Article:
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I have recently changed banks and my new bank has a benefit scheme (discounts etc.) that has its own website and different login details to my online banking (I think the benefits system is administered by a third-party).

They are clearly storing passwords in plain text and there's no ability to change my password to anything of my own choosing. This is the main crux of a complaint I will be making to the ICO on GDPR grounds.

However, the username is also preset and unchangeable. To make matters worse, IMO, is that the username is my bank sort code + account number. I am trying to decide if this is also a security issue.

  1. Whilst my bank account number is not necessarily secret (it is printed on cheques, and I need to give it to people to transfer money to me), it seems needlesly open.

  2. While most other websites also don't allow you to change your username and pre-set your username to your email address, in that scenario I at least have the option to create a throwaway email address, or use a + address.

  3. It limits usernames to a single character set (numeric) which makes it easier for brute force hackers etc.

  4. Someone hacking my account will be able to gain the following information about me:

    • Name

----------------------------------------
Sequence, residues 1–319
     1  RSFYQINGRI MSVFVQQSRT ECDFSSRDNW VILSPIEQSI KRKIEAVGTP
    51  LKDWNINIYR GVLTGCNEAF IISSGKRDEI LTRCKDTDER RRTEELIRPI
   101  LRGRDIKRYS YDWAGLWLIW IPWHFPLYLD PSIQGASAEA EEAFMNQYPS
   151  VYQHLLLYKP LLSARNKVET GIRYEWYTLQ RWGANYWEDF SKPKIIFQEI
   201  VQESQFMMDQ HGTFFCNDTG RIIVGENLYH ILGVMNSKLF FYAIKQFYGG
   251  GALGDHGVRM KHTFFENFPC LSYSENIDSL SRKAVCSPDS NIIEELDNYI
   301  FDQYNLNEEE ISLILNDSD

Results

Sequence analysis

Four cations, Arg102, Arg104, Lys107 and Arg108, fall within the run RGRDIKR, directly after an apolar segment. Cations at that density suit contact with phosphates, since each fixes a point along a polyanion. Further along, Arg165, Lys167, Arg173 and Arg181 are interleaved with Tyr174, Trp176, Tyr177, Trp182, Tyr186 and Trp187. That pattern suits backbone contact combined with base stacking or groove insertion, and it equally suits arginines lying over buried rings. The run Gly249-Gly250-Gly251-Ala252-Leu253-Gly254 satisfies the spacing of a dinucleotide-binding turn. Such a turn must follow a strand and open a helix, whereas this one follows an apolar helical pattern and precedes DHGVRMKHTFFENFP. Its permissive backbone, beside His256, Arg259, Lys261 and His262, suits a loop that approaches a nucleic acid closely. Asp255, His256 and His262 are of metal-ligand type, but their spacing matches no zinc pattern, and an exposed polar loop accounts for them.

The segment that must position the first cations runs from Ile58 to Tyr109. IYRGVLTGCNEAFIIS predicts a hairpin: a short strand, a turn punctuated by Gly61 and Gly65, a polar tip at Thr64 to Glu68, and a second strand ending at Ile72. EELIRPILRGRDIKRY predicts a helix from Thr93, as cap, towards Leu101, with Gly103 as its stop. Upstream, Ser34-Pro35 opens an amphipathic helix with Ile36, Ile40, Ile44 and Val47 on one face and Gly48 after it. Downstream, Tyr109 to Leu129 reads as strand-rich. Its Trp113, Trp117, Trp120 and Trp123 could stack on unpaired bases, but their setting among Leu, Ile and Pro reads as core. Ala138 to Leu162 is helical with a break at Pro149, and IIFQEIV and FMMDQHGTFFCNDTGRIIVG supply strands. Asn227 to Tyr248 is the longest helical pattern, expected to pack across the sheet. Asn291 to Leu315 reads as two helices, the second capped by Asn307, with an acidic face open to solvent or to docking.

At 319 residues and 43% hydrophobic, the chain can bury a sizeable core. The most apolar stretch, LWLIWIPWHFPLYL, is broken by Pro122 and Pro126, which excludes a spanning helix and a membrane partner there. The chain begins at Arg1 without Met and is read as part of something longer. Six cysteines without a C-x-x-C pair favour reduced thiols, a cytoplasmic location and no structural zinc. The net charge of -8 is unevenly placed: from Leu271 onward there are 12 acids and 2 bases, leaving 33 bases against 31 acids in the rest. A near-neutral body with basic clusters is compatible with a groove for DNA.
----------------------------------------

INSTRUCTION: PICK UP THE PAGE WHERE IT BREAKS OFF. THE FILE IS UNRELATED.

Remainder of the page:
• Address
    • Sort code
    • Account number
    • Email address
    • Phone number

All that's missing to make the complete set of personal information would be my date of birth, and for all I know they're storing that information about me behind the scenes too.

Should I use the username argument to strengthen my complaint about the password storage?

  • How do you know they are storing password in plaintext? – Vipul Nair Jul 16 at 14:30
  • @VipulNair because the password was emailed to me. – Darren Jul 16 at 14:31
  • @Darren they could’ve emailed you your password before hashing and storing it. Still, that’s a bad practice. – Andrew Morozko Jul 16 at 14:34
  • @AndrewMorozko well I accept that's possible, but seems unlikely. Regardless, the scope for it being intercepted and my inability to change it is concerning. – Darren Jul 16 at 14:35
  • @Darren true. As for username, they are generally assumed to be non-secret and aren’t considered a part of security architecture. I have no idea about the law, but who knows how courts may think about it. – Andrew Morozko Jul 16 at 14:38
5

To address your primary question: a username is largely security neutral. NIST doesn't really have specific guidelines dictating what usernames a system should require. On page 21 of NIST Special Publication 800-63-3 (Section 4):